One of my earliest memories of gaming sitting with my mums brother and playing a little something called Jack Attack on the Commodore 64.
I was about 6 or 7 when I was playing this, and though I did enjoy it a lot, there is one particular memory of it that both cracks me up and makes me feel really silly, but I feel it reflects a lot on the type of games I play today.
Jack Attack had a simple premise, get to this one location while avoiding these round circle things. If they touch you, then you die. You can't directly kill them though, so you have to manipulate these blocks to squash them. These blocks can kill you too though, so I guess that counts as an environmental hazard?
At some point what I started doing was turning down the brightness of the screen so that I could barely see myself and the enemy circles. This made the game a little scarier for me because now I had to really watch myself and look out for the "baddies", but this also made the game a lot more enjoyable for me. I would spend hours and hours pretending that these circles were monsters or demons or whatever.
Looking back at it now and giving it some thought, I think right and then there would have been the genesis of my love for horror gaming. Even though I was pretending that my character was walking around in the dark and that that these circles where monsters, all this added a different experience for me instead of just moving blocks and avoiding circles.
Soon I had my self a Family Game system or Fanicom as I now come to know it. This was the version of NES that was shipped to places outside of the States and Japan. My one came with a cartridge that had like a 100 games on it or something. This is where I was introduced to such classics as Super Mario Brothers (which I played religiously) and other hits such as Contra and Legend of Kage.
But I still remember my favorite game on this bad boy, there were two games that I played a lot and they were Ghosts n' Goblins and Frankenstein.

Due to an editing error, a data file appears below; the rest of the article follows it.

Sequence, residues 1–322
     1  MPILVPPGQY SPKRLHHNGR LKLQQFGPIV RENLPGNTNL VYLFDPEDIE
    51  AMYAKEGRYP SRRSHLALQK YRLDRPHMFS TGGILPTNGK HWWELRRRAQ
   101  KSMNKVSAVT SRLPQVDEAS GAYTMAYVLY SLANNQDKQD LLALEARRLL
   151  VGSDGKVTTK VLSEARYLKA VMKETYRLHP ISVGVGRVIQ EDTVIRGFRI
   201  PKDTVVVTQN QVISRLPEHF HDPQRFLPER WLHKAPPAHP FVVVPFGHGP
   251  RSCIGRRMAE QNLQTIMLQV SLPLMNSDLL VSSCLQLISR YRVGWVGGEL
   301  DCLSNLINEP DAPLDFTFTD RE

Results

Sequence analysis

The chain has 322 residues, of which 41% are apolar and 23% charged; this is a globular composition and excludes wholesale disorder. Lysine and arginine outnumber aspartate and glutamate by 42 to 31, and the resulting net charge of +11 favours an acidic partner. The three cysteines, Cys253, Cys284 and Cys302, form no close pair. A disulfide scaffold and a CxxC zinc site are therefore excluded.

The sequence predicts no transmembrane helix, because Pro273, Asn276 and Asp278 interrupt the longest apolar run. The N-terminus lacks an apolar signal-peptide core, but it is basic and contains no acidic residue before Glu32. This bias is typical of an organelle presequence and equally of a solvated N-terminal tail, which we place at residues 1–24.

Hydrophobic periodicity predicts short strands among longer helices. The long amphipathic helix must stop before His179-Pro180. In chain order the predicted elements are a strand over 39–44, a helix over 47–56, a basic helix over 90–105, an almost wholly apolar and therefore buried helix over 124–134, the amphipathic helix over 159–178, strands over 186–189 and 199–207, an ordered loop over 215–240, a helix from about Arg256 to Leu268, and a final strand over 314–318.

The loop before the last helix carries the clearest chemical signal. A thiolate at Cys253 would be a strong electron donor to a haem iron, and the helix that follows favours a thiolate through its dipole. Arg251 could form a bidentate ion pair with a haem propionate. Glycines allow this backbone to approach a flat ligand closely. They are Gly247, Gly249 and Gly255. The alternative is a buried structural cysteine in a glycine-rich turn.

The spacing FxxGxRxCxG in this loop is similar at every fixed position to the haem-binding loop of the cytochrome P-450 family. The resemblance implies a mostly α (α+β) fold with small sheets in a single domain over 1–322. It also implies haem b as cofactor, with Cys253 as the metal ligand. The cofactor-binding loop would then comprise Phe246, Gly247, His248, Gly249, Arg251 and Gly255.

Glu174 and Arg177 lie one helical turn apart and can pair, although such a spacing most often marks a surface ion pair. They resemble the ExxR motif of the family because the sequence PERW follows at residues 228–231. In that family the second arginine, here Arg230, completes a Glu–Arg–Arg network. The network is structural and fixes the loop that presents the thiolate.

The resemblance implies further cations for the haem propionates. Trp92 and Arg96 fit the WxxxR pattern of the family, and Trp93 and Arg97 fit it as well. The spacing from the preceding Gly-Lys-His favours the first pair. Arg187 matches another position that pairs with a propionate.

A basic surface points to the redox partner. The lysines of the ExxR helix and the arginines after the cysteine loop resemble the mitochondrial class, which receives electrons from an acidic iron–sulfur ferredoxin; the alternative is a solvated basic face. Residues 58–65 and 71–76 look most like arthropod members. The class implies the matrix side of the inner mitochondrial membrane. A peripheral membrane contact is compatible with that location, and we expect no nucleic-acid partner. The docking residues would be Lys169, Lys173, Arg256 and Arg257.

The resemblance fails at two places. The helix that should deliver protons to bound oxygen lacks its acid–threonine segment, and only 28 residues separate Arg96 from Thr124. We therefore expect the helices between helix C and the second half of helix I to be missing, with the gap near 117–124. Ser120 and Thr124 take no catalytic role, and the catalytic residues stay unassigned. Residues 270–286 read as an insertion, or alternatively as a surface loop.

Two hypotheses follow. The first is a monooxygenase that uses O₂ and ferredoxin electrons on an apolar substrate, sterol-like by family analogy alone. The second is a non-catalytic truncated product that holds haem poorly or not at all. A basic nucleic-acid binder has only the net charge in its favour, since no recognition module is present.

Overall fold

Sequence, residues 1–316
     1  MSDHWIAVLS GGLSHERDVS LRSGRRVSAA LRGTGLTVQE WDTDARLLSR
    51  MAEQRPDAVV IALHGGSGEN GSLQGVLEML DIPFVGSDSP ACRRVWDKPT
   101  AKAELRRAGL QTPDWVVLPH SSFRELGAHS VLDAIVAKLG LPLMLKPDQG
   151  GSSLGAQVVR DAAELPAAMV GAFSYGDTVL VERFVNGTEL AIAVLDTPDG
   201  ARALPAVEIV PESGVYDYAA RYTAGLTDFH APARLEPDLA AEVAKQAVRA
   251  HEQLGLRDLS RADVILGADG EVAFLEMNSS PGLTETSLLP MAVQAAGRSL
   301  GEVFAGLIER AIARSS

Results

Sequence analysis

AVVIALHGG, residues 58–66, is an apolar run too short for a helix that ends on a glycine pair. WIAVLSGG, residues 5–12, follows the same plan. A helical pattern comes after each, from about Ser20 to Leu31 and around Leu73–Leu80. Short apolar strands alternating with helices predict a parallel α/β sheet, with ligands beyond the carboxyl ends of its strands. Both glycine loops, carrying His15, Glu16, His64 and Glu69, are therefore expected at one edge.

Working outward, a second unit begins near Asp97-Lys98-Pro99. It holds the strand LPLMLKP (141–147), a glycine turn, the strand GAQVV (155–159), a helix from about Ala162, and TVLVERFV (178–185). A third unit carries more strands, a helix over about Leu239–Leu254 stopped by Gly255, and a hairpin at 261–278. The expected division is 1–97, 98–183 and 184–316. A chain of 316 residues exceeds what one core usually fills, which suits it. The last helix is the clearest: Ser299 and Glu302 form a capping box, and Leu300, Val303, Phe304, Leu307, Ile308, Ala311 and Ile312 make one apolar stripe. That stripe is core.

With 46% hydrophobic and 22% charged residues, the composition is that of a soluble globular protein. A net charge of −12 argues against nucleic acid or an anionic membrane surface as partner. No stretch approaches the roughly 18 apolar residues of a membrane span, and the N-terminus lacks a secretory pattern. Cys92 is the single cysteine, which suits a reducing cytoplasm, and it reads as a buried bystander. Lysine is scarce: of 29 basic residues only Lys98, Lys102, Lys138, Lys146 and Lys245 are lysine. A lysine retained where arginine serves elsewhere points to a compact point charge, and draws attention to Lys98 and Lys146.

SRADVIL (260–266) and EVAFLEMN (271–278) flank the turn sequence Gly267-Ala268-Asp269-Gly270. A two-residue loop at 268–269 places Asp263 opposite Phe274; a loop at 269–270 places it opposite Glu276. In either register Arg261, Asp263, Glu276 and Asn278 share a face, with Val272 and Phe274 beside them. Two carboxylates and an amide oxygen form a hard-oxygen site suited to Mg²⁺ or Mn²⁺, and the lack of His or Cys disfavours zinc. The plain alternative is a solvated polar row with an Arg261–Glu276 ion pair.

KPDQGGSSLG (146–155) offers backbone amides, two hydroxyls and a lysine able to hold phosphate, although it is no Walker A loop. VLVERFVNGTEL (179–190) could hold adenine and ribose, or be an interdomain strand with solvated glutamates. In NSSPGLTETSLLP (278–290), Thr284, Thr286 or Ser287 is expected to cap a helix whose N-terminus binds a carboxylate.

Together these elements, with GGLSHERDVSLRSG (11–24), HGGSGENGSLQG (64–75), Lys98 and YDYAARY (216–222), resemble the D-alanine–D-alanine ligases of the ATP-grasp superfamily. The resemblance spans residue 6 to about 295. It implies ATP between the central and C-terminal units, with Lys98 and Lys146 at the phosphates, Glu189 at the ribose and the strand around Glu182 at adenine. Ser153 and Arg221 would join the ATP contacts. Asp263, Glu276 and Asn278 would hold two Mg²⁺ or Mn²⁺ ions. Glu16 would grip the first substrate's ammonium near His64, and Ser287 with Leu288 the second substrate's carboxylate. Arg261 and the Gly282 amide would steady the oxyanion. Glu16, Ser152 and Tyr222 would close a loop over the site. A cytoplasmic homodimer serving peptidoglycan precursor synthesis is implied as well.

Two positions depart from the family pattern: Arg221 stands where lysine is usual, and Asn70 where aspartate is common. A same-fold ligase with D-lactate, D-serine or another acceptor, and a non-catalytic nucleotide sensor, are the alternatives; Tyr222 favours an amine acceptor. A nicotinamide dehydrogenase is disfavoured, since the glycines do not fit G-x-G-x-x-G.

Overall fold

Ghost n' Goblins is of course a classic now, what I loved about it most at the time was that I didn't have to pretend that I was fighting demons and monsters, because now I actually was. I don't remember it being hard but now I read that it's actually one of the most unforgiving games on the NES. I always thought it was Battle Toads.
Frankenstein however was my best game on the Fanicom. The spooky music, creepy atmosphere and locations. This game was just what I was looking for. You venture into sewers and forbidden castles battling all kinds of hideous things.It's sad to hear now that Frankenstein was not as popular generally as it was to me, but I was like 8 or 9 by now - so just I guess it was easier to entertain me.
Check out the video below, that opening theme brings back so many memories for me.
Soon horror movies became a staple at my house. I grew up with my grandparents and my grandma was away overseas and it was just my granddad an I for the longest time. Every other night he would let me pick a horror movie from the local video store and we'd watch it together over dinner. the funny thing was that he didn't mind me watching the blood and gore and creepy stuff, but he'd fast forward all the sex scenes.
I continued to played a lot of other games during this time and fell in love with many other classics, but it wasn't until I met up with a family friend whose kid had a Sega Megadrive console that things really heated up for me. It wasn't because of Sonic, which came built in, but because he had Splatterhouse 2.
Boy this game was the shit for me as a kid. An out right creepy atmosphere, drenched in blood and decay, scary ass monsters and a mad doctor that kidnapped my girl friend! I had seen the comic adverts for it here and there and I never thought I would get to play it.
Plus the hero was no longer some puny little dweeb from some village or something. It was a guy who became bad ass because he had put on a mask that was possesed! Now he was smashing bad guys with sticks and fighting giant worms and running away from massive tenticle beasts. I didn't know about the Lovecraft influence back then, but Spaltterhouse 2 always came off as something a lot deeper and darker than your standard game, at least for me.
The shitty thing was that this wasn't my game and I didn't get too many chances to play it. Whenever we would go over to this family's house I would just hog the Sega till we had to leave.
My next big horror gaming fix would come much later, when my folks picked up our first PC.
I didn't care much for it until one day something went wrong with a drive or something and an IT guy came over to sort it out. I remember him asking me if we had any games on it and I said no... that's when he installed Doom 2.
End of Part 1